According to some tellings, Jack Kirby was Stan Lee’s first pick for drawing Spider-Man, but when Kirby’s version didn’t fit the vision, things were adjusted and Steve Ditko got the job, and the world got one of the most well-regarded comic book runs that America has produced. What’s impressive about reading those early Spider-Man comics is how quickly you can see the character and premise established–easily within five issues, we get all the core elements which continue to inform the presentation of the hero to this day. And while Kirby’s Spider-Man would certainly have had its own interest, Ditko’s interpretation is what gives us both Peter Parker’s pathos and Spider-Man’s angular physicality. Ditko demonstrated a mastery at visual storytelling, even if he wasn’t actually my favorite illustrator. Steve Ditko drew other stuff, including some uninspiring Legion of Super-Heroes stories, and he basically created the Question and the Silver Age Blue Beetle, but it’s for his work on Spider-Man, a character who debuted in 1962, that he makes it onto my list.
1963 – Verity Lambert & Sydney Newman
Doctor Who was clearly more than the product of two people, but there’s no doubt that key amongst them Sydney Newman and Verity Lambert. Sydney Newman was the Head of Drama for the BBC who commissioned the show to begin with, while Verity Lambert was the young producer who pulled it all together and actually made it happen. Together, they helped to set the stage with a premise that was so solid, a character who was so intriguing, and a format that was so adaptable that we are still talking about it and watching it all these years later. Certainly much of the credit for the show becoming such a sensation belongs to the Daleks, but it was the debut episode, An Unearthly Child, which established the dramatic tone for all that would follow. And anyway, it was Verity Lambert who commissioned the Dalek story anyway. The story of the contribution these two made to creating the program was nicely dramatized in the docudrama An Adventure in Time and Space from 2013 where they were played by Brian Cox and Jessica Raine. There are others who deserve recognition here for helping to put together Doctor Who in its fledgling state–including script editor David Whttaker, director Waris Hussein, writer Anthony Coburn, executive and writer Donald Wilson, writer C.E. Webber, composer Ron Grainer, musical arranger Delia Derbyshire, designer Peter Brachacki, and actors William Hartnell, William Russell, Jacqueline Hill and Carole Ann Ford–but we will let Verity Lambert and Sydney Newman stand for them all. Plus, Newman was also responsible for The Avengers (the sixties TV show, not the Marvel superheroes), which might have been enough to get him on this list even without Doctor Who.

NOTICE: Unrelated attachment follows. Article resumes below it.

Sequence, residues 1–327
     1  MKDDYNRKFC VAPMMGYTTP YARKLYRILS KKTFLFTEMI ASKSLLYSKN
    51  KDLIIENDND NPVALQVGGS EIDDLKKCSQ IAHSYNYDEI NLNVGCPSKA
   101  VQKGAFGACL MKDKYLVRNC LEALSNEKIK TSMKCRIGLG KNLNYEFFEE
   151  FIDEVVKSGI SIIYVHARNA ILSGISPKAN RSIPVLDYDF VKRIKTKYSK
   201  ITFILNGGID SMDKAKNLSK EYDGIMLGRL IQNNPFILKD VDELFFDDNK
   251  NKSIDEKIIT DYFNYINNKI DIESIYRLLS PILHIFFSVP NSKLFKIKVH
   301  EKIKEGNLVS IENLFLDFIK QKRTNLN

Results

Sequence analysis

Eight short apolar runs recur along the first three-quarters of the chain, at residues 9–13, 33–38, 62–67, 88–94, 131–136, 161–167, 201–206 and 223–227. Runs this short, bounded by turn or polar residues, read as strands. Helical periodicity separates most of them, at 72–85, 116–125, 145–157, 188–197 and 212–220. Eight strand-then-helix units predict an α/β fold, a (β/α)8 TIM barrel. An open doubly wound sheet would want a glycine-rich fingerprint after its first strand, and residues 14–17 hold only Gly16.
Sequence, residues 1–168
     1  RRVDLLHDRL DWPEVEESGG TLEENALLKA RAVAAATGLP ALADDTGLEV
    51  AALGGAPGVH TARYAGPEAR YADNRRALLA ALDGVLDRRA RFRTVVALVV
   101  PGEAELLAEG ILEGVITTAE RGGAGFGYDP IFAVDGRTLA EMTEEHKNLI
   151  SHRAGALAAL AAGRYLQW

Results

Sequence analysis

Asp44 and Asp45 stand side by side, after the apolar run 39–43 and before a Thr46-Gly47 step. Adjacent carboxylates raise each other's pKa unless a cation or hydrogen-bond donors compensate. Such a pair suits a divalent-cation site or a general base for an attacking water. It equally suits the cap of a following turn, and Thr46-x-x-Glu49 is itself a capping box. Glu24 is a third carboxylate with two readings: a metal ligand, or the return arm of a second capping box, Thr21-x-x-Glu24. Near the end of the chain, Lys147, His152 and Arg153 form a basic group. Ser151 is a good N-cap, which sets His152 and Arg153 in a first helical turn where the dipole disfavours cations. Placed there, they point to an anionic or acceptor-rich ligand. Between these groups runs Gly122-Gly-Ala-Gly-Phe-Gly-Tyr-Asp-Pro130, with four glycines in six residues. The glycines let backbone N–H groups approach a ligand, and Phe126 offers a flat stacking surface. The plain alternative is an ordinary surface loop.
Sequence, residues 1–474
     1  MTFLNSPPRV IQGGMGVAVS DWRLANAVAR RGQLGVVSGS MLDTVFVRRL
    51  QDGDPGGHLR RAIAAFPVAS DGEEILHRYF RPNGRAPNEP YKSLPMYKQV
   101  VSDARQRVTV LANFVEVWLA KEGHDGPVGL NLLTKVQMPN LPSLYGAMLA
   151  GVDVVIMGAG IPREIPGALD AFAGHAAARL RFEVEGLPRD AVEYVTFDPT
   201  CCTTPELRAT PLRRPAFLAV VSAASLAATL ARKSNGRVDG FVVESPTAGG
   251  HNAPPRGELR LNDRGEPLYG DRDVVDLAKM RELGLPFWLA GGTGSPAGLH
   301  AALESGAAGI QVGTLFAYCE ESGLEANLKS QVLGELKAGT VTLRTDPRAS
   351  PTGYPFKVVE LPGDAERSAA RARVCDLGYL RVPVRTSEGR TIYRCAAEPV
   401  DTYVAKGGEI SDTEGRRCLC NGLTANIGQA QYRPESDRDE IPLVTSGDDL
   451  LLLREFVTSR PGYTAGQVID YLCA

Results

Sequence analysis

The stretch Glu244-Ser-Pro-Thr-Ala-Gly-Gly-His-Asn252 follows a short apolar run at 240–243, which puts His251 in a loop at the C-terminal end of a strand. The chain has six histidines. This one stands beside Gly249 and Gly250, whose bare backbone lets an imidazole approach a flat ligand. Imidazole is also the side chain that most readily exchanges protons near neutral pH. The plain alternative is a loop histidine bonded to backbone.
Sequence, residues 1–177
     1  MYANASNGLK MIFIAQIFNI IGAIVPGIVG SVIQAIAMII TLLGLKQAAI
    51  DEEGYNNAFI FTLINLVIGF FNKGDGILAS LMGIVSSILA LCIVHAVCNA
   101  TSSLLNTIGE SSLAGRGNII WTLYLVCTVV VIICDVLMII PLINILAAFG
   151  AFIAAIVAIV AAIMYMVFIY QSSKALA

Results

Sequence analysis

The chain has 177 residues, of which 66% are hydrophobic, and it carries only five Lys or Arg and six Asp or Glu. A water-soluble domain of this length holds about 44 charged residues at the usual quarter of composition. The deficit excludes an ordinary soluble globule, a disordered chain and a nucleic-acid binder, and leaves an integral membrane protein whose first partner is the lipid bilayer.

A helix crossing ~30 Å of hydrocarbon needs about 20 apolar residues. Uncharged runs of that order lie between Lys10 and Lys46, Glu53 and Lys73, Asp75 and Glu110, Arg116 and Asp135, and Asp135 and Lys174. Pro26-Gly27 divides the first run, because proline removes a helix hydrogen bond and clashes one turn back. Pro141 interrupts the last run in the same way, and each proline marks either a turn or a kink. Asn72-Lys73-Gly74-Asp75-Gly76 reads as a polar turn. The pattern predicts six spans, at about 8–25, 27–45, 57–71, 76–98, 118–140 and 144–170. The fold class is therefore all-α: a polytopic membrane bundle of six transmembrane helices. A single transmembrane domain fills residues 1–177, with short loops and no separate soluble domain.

1964 – Paul Simon
I’ve always liked Simon & Garfunkel, with their evocative lyrics and engaging harmonies, and of the two it’s clear that Paul Simon is the premier songwriter. He was the solo writer of most of their output, including their most popular songs like Mrs. Robinson, Bridge Over Troubled Water, and Sounds of Silence (which was released in 1964). A full list of my favorites of his work would be pretty extensive, but it also includes The Boxer, April Come She Will, America, and I am a Rock. Paul Simon also has had an extensive career beyond Simon & Garfunkel, often leaning heavily into different international musical styles, including on his signature album Graceland. Plus he was a supporting actor in Annie Hall by Woody Allen, and has done a lot of funny stuff on Saturday Night Live.
1965 – Edmond Hamilton